Monday, September 28, 2009

Yom Kippur Weekend: Unintentionally atoning in my own way

Yom Kippur is the holiest Jewish holiday of the year. It is when religious Jews fast and attend synagogue to atone for the year's worth of sin. For me, it was a time of drunken shouting, wobbly walking, massive sickness, and a lack of memories. What exactly happened? I wish I could remember. But I've been reminded of a few things, many of which I'd rather not have known at all.

The good news is I feel much better today. It is still Yom Kippur until sundown and we plan to ride bicycles to the beach. The streets are empty of cars and all shops closed.


More coherent blogs on the way...

Friday, September 25, 2009

Absurdity and Perversity

I spent the earlier half of the day in Tel Aviv committing much-needed financial damage. Two chamsot later, I found myself thinking about the general lack of manners amongst Israelis, only to be met with kind-hearted generosity the next minute. I swear, I am constantly surprised by people here. Absurdity and perversity definitely go hand-in-hand but one thing is for certain: nothing is predictable.

On our way out of the carpark we found ourselves stuck in a horrendously long line. Inevitably, people started to honk as if it could make a difference. I've concluded that honking here is more an act of cathartic release than efficient communication. We asked ourselves, why is this taking so long? Probably because people don't have their tickets out, their money ready, or are asking directions to the freeway. But naturally, they will honk their brains out at everyone else.


"A concept even bigger than yourself"

....Is what is on my mind.

See you later.

Thursday, September 24, 2009

When things go wrong, I tell myself: "Welcome to Israel"

I renamed the blog "Courtney's Karka Poriah" in honor of a song mis-translation. Thus it stays.


I left the squalor of Los Angeles for the glamour of Israel. Wait, perhaps its the other way round? No, I was correct the first time. I am currently living in Kibbutz Gaaton, a leafy, breezy community tucked into the Galilean hills of northern Israel, just under the Lebanese border. To remind me of exactly where I'm located, the folks at IDF like to do practice flights with their fighter jets overhead every now and then. Its a noise louder than I care to hear.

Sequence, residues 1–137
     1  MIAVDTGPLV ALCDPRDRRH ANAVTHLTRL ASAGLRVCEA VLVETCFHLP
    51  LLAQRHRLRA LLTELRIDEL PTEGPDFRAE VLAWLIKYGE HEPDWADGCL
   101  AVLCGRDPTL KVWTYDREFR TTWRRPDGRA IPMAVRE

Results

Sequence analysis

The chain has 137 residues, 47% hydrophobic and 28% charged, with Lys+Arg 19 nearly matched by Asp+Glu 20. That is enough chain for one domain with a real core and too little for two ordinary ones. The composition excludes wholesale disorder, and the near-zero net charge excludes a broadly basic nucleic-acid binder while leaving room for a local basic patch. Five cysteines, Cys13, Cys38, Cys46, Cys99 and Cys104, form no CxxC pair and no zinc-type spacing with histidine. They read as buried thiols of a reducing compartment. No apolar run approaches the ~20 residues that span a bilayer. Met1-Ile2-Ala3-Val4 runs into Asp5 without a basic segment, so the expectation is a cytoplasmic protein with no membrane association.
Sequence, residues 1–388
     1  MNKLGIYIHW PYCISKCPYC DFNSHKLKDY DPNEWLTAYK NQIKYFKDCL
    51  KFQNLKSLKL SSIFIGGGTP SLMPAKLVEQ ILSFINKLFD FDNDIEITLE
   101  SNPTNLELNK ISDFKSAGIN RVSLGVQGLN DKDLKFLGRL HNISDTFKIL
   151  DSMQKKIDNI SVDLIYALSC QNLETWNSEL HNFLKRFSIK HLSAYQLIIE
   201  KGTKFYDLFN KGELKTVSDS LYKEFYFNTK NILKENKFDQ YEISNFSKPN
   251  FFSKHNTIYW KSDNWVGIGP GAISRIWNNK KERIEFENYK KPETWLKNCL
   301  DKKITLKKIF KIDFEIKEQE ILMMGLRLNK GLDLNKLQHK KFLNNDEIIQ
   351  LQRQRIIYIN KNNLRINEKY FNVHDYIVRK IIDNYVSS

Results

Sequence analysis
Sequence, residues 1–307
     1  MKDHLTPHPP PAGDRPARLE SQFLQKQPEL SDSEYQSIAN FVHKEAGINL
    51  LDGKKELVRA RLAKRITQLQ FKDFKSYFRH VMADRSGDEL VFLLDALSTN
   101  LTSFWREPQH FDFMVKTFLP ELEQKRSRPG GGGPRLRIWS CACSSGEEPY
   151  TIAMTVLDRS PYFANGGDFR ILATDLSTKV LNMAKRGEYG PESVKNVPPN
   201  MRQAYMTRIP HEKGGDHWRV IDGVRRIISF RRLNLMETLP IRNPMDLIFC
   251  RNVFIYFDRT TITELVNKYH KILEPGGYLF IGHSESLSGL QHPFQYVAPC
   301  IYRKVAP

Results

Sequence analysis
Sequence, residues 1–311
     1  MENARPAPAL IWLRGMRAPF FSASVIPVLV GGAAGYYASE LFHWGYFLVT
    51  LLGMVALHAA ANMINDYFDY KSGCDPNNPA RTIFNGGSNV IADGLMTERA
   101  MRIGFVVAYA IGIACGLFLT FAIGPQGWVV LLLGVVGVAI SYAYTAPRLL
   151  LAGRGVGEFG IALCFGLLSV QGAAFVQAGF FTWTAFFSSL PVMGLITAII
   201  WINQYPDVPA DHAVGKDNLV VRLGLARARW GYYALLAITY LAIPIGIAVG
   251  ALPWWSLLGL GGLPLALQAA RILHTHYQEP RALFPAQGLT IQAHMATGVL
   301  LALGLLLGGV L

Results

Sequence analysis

After some bouts with bad timing and very bad things in general, I now find myself enrolled in an intense dance program on the kibbutz. Allow me to explain.

The contemporary dance scene in Israel is rapidly progressing into international notoriety and also happens to be one that actually interests me and my 3-second attention span. I've decided to take a leap of faith (pun intended) and head on over to the Holy Land to get myself involved.

It seemed like a good idea at first.

I should explain that my program is entirely conducted in Hebrew, and that I am only one of 2 non-Israeli students. This is problematic. Luckilly, there is another program on the kibbutz consisting of dancers from abroad, mainly Americans and we study Hebrew together. But am I anywhere near fluency? Dear God, no.

Such is life.


I live amongst an interesting array of characters and personalities. The difference between living on the kibbutz and in London is the proximity between myself and my classmates. In London, we finished school and returned to our respective flats scattered throughout the city. Perhaps people lived in NW, NE, SE, S, or W? Whereas here in Gaaton its more like "up the hill" or "down the hill". But I'm finding my hiding spots.

I cannot say for certain that the national cultural psyche is influencing me much, but thats likely to change as time goes on.


The last two weekends were spent in Tel Aviv with an assortment of Israeli friends and new friends. It is essential to leave the kibbutz each weekend for a different perspective on living in this country, but three days in Tel Aviv is more than enough. By the end of it, I'm happy to return to the kibbutz.

Tel Aviv is an ostentacious mix of trashy, sleezy, tastless, noisy, Russian-mafia, meshugah, drugged out tomfoolery. For this, I love it. It is a city like no other. "Ha Buah", the locals call it, the bubble. Tel Aviv is a bubble within a larger bubble. With all the conflict and tension in this tiny region, Tel Aviv somehow manages to remain unaffected by it all. Religion, race, and politics do not exist here. Tel Avivis are wondering where to get their next meal.


I am spending the Yom Kippur weekend with my new friend Ronnie and her family in Nordia, a "moshav" in central Israel. What is a moshav, you ask? Numerous answers have been given, but frankly, I'm still not sure. Its a taste of the 'burbs as I know it.

Little slices of home here and there are most welcome. But a big chunk may not be necessary. With that in mind, I bid thee adieu. Good night and have a pleasant weekend, wherever you are.